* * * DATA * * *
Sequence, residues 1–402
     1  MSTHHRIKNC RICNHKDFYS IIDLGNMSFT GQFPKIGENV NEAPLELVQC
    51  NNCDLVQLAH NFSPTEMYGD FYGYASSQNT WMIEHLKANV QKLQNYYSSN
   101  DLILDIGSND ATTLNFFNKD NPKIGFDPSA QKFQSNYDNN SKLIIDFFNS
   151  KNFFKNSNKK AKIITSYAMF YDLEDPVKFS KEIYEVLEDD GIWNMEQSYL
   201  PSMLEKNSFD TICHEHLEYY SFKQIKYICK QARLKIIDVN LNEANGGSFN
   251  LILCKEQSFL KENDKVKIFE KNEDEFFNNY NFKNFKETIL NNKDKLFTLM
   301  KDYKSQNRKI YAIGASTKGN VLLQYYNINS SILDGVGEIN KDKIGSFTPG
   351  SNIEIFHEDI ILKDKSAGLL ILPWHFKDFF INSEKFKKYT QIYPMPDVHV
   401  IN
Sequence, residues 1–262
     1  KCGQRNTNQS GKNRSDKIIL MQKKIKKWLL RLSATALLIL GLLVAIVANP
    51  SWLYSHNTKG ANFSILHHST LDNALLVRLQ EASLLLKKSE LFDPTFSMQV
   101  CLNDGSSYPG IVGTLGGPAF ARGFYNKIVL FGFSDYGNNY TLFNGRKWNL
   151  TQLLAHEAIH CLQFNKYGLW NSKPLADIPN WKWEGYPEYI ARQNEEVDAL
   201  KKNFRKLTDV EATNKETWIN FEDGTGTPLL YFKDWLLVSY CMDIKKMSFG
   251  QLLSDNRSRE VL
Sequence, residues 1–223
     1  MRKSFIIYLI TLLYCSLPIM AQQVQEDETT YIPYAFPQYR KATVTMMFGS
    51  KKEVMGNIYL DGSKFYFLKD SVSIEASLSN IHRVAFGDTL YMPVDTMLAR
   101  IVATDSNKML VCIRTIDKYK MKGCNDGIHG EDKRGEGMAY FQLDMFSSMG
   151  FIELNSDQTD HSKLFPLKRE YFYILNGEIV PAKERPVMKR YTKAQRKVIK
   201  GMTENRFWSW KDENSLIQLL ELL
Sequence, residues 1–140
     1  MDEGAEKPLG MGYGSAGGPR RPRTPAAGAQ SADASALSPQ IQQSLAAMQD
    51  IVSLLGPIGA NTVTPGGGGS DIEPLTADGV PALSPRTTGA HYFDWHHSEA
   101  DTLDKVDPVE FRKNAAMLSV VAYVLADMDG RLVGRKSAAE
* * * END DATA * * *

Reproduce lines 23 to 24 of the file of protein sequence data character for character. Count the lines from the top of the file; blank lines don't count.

   201  GMTENRFWSW KDENSLIQLL ELL
Sequence, residues 1–140